Near-field scanning optical microscopy (NSOM/SNOM) is a microscopy technique for nano-structure investigation that breaks the far field resolution limit by exploiting the properties of evanescent waves. But can a microscope with no aperture provide the same quality of results, or even perform better than as a traditional one? We are pleased to invite you to the Skoltech Colloquium.
When: October 30, 4 pm
What: Apertureless scanning near-field optical microscopy
Guest Speaker: Dr. Dmitry Kazantsev, Institute for Theoretical and Experimental Physics, Moscow (permanent position), Fraunhofer IISB, Erlangen (DFG project co-leader)
Where: TBD ( Hypercube 4th floor or MSM – Beijing)
Abstract: Principles of operation and technical solutions of an Apertureless Scanning Near-Field Optical Microscope (ASNOM) will be presented. An elongated AFM-like tip acting as a dipole rod antenna, provides an efficient coupling of the external electromagnetic waves to the local fields located in the gap between the sample surface and the very tip. The excited oscillations of a tip dipole momentum can also be efficiently emitted by the tip into an environmental space, focused by conventional optical elements (mirrors, lenses) and then acquired by a conventional photo-detector.
It will be shown that the signal collected by an ASNOM is mainly proportional to a complex amplitude of a local electromagnetic field at the tip position and to some expression of a local surface dielectric function. A lateral resolution of an ASNOM is determnined by the tip radius (1-20nm), regardless to the working wavelength (from visible light to at least 10um). The home-built ASNOM scanning head as well as electronics designed specially for an ASNOM operation will be considered in details.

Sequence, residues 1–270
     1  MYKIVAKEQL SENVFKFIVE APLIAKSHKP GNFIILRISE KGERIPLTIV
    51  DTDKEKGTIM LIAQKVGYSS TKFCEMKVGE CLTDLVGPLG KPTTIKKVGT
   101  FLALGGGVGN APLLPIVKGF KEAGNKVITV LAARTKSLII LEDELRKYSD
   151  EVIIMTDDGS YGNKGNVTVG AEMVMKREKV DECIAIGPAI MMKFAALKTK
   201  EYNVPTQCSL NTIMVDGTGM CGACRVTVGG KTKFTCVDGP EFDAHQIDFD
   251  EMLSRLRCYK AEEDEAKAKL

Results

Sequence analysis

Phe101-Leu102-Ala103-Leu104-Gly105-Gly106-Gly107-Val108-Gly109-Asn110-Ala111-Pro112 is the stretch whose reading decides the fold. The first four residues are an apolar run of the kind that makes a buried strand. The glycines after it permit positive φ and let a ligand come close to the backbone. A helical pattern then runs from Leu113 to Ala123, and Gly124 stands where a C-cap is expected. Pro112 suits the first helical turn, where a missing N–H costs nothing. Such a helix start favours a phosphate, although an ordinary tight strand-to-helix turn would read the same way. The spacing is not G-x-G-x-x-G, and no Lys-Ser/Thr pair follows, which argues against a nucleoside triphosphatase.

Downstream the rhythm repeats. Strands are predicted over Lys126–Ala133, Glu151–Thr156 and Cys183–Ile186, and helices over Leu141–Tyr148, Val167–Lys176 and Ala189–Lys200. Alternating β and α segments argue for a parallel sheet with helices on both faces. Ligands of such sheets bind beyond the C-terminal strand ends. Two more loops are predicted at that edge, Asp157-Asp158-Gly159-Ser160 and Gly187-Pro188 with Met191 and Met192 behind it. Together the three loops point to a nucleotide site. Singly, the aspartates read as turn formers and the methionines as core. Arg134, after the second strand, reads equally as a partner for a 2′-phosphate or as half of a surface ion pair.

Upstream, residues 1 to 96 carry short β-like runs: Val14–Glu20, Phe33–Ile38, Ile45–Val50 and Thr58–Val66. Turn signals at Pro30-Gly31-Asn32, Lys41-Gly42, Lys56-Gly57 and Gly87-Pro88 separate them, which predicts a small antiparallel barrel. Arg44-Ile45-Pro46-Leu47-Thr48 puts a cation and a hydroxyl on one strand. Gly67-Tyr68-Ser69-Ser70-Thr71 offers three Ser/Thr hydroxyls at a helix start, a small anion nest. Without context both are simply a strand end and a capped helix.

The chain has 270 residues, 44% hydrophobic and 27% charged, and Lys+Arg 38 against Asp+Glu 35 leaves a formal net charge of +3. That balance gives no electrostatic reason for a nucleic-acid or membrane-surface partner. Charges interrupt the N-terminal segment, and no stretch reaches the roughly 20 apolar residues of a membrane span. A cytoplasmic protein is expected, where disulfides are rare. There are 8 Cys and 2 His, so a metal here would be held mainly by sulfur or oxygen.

A mapping of a surface dielectric constant (as a complex number) on the semiconductor samples (Si, Ge, SiC) will be reported. It will be shown that the ASNOM image contrast is enough not only to distinguish different materials, but even to show the doping distribution within the same media.
A mapping of a local field in the running surface phonon polariton wave excited on the surface of SiC polar crystal by a resonant external light (~10.6um) will be reported. A good quantitative agreement of simulations to the measured distribution of an ASNOM signal demonstrates that the signal acquired by an ASNOM is in fact a complex value (with its amplitude and phase) of a local electromagnetic field at the tip position. Surface optics phenomena (focusing, refraction, waveguiding) observed with an ASNOM on the SiC samples will be reported.
If you like to participate and for further information or questions, please Liliya Abaimova
We look forward to seeing you.